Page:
(Johnson et al., 2017).
Differences between Parametric and Nonparametric Tests
Parametric tests include t-test, f-test, z-test, and ANOVA test while non-parametric tests
include the Mann Whitney test, Rank sum test and Kruskal Wallis test. A combination of
different tests was used in each study to analyze the study outcomes (Slack, 2014).
Parametric tests are applied in testing studies where the data about the study population is
well known while in the case of nonparametric test, use the study population is not well known.
In these studies, parametric tests applied included ANOVA test, t-test, and Shapiro Wills test. In
the first study ANOVA tested the importance attached to different therapies by patients and t-test
helped identify the differences in the therapies. Mann Whitney was also used in this test to
establish the relationship between quality of patient diet and demographic characteristics
(Ihantola, & Kihn, 2015).


The parametric test is applied in a study when assumptions on the distribution of data can
be made. This is because the subject population is well known and there is much information on
the variables where assumptions are being made. When the population information is limited, no
assumptions about data distribution can be made, and therefore nonparametric tests are applied.
For instance, in the third study, Shapiro Wilk test was used to identify deviations from normal
parameters. Mann Whitney test was applied in the analysis of pre and post outcome measures
(Smith, Williams, & Oswald, 2013).
Parametric tests use the mean of the results to analyze data while nonparametric tests use
the median. Therefore, a nonparametric test is applied when the original hypothesis does not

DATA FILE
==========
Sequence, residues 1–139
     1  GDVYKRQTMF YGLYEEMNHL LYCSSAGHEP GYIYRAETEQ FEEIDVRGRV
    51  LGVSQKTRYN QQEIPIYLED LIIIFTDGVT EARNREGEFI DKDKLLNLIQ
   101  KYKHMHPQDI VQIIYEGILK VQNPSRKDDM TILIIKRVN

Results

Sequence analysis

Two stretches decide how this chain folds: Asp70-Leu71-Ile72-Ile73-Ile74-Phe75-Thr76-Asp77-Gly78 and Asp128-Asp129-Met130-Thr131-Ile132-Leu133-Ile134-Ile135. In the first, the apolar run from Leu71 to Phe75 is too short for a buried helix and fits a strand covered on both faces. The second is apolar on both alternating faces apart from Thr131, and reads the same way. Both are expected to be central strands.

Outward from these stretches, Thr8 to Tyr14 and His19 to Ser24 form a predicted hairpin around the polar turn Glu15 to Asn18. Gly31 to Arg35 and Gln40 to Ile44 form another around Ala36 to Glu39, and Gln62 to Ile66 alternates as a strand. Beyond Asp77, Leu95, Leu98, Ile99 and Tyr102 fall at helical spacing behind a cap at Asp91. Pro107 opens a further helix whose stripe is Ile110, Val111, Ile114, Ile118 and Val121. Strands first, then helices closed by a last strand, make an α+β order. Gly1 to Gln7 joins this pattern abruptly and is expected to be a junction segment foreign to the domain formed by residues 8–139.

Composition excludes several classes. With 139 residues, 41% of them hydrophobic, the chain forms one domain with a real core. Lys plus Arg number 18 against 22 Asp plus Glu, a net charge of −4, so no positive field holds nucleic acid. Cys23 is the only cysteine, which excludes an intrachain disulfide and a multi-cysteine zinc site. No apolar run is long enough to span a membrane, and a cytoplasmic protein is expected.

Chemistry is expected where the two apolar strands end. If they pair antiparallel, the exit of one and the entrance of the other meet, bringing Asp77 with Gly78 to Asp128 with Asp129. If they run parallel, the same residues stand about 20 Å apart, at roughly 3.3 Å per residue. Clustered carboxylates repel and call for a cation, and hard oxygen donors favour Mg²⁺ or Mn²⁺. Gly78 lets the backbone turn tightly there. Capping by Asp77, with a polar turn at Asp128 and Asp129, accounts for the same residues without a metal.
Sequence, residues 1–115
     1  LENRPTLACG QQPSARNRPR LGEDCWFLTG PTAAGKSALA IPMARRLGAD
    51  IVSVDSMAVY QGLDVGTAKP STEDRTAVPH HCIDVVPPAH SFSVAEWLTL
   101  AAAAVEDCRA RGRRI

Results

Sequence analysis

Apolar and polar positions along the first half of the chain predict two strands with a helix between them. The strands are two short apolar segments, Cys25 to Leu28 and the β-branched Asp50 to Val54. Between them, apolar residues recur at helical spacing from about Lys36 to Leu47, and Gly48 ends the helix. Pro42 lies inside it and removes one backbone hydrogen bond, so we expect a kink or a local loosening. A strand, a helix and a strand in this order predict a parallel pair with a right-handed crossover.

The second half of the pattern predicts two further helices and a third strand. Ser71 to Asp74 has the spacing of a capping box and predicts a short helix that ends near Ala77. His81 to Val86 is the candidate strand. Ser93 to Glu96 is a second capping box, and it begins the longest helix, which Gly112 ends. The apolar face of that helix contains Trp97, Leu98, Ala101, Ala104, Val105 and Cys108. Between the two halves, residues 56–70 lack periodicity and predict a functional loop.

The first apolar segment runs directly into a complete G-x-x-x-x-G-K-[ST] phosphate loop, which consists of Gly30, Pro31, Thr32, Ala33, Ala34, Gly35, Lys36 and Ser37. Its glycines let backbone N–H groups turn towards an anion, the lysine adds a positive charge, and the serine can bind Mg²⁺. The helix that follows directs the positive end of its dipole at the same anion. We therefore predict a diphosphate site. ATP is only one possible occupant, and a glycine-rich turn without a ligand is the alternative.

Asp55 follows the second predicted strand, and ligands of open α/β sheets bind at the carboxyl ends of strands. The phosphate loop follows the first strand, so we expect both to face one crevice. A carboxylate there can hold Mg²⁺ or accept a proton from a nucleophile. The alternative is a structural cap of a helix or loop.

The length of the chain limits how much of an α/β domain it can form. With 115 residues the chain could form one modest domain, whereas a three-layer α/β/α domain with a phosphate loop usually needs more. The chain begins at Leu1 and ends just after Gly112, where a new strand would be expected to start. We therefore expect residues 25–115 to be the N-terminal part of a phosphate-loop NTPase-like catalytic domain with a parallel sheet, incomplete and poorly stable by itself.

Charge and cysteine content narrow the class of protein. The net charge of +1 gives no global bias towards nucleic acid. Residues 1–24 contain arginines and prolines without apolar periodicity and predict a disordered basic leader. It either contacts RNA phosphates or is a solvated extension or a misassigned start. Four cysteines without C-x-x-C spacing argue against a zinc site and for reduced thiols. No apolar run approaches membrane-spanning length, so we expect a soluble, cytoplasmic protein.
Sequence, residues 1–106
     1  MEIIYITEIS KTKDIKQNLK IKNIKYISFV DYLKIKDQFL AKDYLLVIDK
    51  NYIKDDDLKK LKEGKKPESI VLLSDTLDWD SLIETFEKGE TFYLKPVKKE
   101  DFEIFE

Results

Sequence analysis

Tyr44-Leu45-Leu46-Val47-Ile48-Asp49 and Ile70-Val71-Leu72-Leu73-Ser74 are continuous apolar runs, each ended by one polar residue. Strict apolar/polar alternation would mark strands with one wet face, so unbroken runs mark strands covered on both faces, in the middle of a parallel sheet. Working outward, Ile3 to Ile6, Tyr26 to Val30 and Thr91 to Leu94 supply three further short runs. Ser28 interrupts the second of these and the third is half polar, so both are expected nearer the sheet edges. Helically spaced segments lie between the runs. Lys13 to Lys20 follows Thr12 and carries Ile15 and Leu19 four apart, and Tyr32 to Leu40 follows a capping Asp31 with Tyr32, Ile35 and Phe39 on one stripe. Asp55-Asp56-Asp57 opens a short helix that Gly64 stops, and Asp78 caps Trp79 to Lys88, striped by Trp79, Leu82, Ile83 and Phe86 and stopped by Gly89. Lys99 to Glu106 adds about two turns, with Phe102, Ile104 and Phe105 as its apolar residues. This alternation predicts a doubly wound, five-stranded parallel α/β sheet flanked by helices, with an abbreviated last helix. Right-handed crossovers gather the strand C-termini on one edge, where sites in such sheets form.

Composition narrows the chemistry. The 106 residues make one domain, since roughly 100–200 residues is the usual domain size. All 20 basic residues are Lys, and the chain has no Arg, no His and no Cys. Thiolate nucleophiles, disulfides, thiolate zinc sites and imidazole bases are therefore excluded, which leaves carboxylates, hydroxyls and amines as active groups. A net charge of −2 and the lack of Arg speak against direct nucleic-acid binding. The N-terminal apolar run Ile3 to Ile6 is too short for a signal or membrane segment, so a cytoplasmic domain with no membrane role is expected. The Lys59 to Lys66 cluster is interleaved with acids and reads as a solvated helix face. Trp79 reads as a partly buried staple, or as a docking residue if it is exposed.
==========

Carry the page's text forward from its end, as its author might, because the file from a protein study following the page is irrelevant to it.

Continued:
match the data. The Shapiro Wilk test applied in the third study, the mean of the results were
calculated and deviations identified while the Mann Whitney test applied used the median to
establish the deviations (Corbert et al., 2015).
Accountability of Reliability and Validity
The first study was able to measure what it was aimed at measuring. However, the results
are not conclusive as the information obtained from patients was based on recall memory.
Patients may not be able to remember what they ate two weeks ago. Other factors may affect
weight gain that is not diet related, for example, the presence of co-morbid illnesses and genetic
factors. The use of daily diet intake diaries over a period will help eliminate the recall bias in the
study (Clemens & Demombynes, 2013).
It is impossible to apply the findings of the study to a broader population because the
study sample size used was small. Using a bigger sample size can give a real picture of the


broader population. The study did not examine the participant’s views, and how they affect the
choice of foods, they take (Nayak, 2013).